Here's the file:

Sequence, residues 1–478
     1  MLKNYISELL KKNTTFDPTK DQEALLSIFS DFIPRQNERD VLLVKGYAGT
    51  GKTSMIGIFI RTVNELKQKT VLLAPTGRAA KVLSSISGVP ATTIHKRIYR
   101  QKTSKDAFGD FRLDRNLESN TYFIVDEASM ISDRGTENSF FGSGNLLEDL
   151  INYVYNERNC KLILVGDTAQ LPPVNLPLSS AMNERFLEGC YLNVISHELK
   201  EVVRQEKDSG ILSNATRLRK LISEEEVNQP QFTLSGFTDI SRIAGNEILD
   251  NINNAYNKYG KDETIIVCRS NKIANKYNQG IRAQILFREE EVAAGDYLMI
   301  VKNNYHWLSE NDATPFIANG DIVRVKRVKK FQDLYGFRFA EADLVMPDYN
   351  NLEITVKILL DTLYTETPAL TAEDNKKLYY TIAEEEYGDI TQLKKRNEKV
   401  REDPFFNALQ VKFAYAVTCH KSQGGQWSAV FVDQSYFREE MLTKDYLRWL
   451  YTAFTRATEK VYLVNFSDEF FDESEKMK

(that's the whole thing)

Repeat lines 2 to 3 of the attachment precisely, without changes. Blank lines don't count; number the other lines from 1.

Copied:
     1  MLKNYISELL KKNTTFDPTK DQEALLSIFS DFIPRQNERD VLLVKGYAGT
    51  GKTSMIGIFI RTVNELKQKT VLLAPTGRAA KVLSSISGVP ATTIHKRIYR